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Equity of inpatient health care in rural Tanzania: a population- and facility-based survey

Grace A Ferry1*, Sean R Dickson2, Godfrey Mbaruku3, Lynn P Freedman4 and Margaret E Kruk5

Author Affiliations

1 Mathematica Policy Research 1100 1st Street Northeast Washington, DC 20011 USA

2 Department of Health Management and Policy University of Michigan School of Public Health 1415 Washington Heights Ann Arbor, MI 48109 USA

3 Ifakara Health Institute Plot 463, Kiko Avenue Mikocheni P.O. Box 78 373 Dar es Salaam Tanzania

4 Department of Population and Family Health Columbia University Mailman School of Public Health 60 Haven Avenue New York, NY 10032 USA

5 Department of Health Policy and Management Columbia University Mailman School of Public Health 600 West 168th Street New York, NY 10032 USA

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International Journal for Equity in Health 2012, 11:7  doi:10.1186/1475-9276-11-7

The electronic version of this article is the complete one and can be found online at:

Received:22 August 2011
Accepted:15 February 2012
Published:15 February 2012

© 2012 Ferry et al; licensee BioMed Central Ltd.

This is an Open Access article distributed under the terms of the Creative Commons Attribution License (, which permits unrestricted use, distribution, and reproduction in any medium, provided the original work is properly cited.



To explore the equity of utilization of inpatient health care at rural Tanzanian health centers through the use of a short wealth questionnaire.


Patients admitted to four rural health centers in the Kigoma Region of Tanzania from May 2008 to May 2009 were surveyed about their illness, asset ownership and demographics. Principal component analysis was used to compare the wealth of the inpatients to the wealth of the region's general population, using data from a previous population-based survey.


Among inpatients, 15.3% were characterized as the most poor, 19.6% were characterized as very poor, 16.5% were characterized as poor, 18.9% were characterized as less poor, and 29.7% were characterized as the least poor. The wealth distribution of all inpatients (p < 0.0001), obstetric inpatients (p < 0.0001), other inpatients (p < 0.0001), and fee-exempt inpatients (p < 0.001) were significantly different than the wealth distribution in the community population, with poorer patients underrepresented among inpatients. The wealth distribution of pediatric inpatients (p = 0.2242) did not significantly differ from the population at large.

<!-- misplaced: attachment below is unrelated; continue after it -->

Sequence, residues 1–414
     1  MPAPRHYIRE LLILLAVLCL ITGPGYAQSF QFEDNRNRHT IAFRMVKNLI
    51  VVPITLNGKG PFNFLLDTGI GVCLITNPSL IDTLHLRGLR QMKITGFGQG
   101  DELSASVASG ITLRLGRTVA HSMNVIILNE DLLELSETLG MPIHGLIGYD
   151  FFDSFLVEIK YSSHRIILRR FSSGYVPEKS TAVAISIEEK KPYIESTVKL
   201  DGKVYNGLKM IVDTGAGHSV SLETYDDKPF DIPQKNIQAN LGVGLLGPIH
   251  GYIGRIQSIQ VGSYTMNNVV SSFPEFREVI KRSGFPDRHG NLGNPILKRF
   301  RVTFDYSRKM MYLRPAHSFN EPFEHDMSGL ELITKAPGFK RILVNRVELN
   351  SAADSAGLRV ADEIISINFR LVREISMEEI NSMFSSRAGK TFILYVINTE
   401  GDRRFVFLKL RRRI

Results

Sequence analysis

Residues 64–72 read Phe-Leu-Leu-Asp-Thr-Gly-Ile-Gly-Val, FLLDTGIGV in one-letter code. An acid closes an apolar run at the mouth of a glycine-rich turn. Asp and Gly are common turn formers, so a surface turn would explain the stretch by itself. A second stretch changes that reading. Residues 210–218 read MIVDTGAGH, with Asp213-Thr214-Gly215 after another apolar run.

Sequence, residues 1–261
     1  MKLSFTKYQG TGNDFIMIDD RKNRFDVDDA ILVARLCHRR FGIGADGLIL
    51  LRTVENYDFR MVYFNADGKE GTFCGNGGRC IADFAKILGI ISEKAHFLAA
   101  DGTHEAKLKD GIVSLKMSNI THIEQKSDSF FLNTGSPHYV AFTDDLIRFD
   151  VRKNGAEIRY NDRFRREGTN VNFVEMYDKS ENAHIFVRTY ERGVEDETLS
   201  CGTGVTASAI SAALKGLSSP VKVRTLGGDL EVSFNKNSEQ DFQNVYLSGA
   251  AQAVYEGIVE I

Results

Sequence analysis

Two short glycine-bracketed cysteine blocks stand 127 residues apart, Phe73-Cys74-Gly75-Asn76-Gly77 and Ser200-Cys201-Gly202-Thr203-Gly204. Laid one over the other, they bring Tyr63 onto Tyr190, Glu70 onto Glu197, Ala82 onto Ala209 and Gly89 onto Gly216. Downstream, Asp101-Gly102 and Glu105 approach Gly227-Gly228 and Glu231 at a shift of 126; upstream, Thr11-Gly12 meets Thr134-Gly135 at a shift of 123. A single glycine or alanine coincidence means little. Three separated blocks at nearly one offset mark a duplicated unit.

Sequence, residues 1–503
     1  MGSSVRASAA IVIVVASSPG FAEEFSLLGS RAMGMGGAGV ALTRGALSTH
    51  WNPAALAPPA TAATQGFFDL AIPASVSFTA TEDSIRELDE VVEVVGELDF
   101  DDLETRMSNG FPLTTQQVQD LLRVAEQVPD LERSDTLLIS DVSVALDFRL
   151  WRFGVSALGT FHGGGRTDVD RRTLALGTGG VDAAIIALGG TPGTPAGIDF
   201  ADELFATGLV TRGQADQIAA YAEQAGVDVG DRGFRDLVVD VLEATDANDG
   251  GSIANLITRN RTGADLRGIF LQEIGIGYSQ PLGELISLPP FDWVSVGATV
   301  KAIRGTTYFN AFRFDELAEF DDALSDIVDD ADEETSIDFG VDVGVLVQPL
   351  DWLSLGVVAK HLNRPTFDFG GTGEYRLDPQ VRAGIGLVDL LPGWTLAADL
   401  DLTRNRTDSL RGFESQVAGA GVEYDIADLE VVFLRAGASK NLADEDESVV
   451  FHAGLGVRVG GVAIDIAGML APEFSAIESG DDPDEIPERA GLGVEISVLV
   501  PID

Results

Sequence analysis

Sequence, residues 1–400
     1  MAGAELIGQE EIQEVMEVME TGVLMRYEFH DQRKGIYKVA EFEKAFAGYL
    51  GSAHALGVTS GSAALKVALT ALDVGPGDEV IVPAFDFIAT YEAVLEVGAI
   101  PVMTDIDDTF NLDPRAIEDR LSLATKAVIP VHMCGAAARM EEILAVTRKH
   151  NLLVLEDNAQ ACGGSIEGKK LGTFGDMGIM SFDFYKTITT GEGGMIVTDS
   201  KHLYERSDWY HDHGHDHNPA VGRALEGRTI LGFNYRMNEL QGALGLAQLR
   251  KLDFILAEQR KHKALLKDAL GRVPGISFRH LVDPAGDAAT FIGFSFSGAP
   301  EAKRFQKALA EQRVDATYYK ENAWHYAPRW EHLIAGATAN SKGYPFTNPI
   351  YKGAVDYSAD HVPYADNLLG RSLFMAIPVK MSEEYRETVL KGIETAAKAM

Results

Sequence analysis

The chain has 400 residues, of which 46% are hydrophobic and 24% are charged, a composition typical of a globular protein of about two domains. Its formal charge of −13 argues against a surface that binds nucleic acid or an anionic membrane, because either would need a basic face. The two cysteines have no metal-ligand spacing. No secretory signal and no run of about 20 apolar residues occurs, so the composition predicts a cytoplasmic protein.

The findings indicated that while current Tanzanian health financing policies may have improved access to health care for children under five, additional policies are needed to further close the equity gap, especially for obstetric inpatients.


Although government expenditures for health in low- and middle-income countries are intended to ensure access to health care for the poor, they frequently disproportionately benefit wealthier citizens [1,2]. A review of public expenditures on health in 26 developing countries found that the poorest fifth of a population typically received less than a fifth of government expenditures on health [3]. Another study published by O'Donnell and colleagues found that the concentration index of public health spending--a measure of the wealth distribution of spending--in Asia was pro-rich in 7 of the 11 countries/regions studied: Nepal, Bangladesh, Indonesia, India, Vietnam, and Gansu and Heilongjiang provinces in China [4]. The most pro-rich financing was found in Nepal, the poorest country.